Watertechadvice.com is supported by readers. If you purchase through referral links on our site, we make a commission at no extra cost to you. Learn more.

Home » Water Filtration Systems » Under Sink Water Filter Low Pressure (How to Fix It)

Under Sink Water Filter Low Pressure (How to Fix It)

By: Craig Smith
Published on:
Under Sink Water Filter Low Pressure-What to Do?

Does your under-sink filter with slow flow and low pressure make it seem like you can feel yourself aging as you wait for a glass to fill with water? 

It can be incredibly frustrating!

But you don’t have to worry about dinner getting cold or being late for work because of your slow water, you can fix it yourself. 

In this post, we’ll explain how to diagnose the cause of the slow flow through your filtration system. 

We’ll offer tips on how to take care of each problem to get your water flowing better, and we’ll discuss problems specific to reverse osmosis systems.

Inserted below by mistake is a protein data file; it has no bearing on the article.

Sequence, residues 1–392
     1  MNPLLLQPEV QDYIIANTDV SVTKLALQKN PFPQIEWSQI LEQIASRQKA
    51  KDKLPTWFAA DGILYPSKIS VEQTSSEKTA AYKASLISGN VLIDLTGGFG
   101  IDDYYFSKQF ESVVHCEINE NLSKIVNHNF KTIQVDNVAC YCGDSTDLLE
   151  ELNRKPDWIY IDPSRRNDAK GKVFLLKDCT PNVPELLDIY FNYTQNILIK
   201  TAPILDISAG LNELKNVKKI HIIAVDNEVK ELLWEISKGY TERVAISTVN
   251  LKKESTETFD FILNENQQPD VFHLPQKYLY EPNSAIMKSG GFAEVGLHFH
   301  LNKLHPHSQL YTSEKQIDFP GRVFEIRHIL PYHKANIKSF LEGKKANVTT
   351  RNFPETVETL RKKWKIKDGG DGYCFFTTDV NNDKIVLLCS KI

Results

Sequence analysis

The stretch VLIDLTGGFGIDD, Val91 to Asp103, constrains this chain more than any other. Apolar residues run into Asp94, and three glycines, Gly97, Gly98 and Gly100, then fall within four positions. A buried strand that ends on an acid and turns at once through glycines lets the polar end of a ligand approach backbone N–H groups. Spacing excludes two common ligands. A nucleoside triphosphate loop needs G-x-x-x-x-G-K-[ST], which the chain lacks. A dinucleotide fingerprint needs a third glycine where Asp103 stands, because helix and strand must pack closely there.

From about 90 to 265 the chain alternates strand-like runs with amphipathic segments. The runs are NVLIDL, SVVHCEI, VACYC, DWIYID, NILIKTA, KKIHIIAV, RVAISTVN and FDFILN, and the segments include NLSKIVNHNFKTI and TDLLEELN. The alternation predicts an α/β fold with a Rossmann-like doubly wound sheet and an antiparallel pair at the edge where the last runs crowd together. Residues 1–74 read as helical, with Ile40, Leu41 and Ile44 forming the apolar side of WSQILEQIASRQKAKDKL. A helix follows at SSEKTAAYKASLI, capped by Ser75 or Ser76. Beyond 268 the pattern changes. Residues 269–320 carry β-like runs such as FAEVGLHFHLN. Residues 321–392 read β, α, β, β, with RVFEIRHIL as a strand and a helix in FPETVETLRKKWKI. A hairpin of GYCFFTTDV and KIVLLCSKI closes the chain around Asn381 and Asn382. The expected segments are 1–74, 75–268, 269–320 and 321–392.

Causes Of Low Pressure And Flow With An Under-Sink Water Filter

There are a few reasons for under-sink water filter low pressure problems, as well as reasons for a slow water flow. We’ll go through these, giving tips on how to diagnose that problem and how to correct the issue.

Clogged Filters

Most manufacturers recommend a service life for the cartridges in their under-sink water filters. The problem is that you can use twice as much water in that time than the manufacturer expected during the filter life. 

Some under-sink water filtration systems monitor water usage, and the water filter may have a warning light to let you know when to change the filter. If that lights up, this is an obvious indication that you have clogged filters.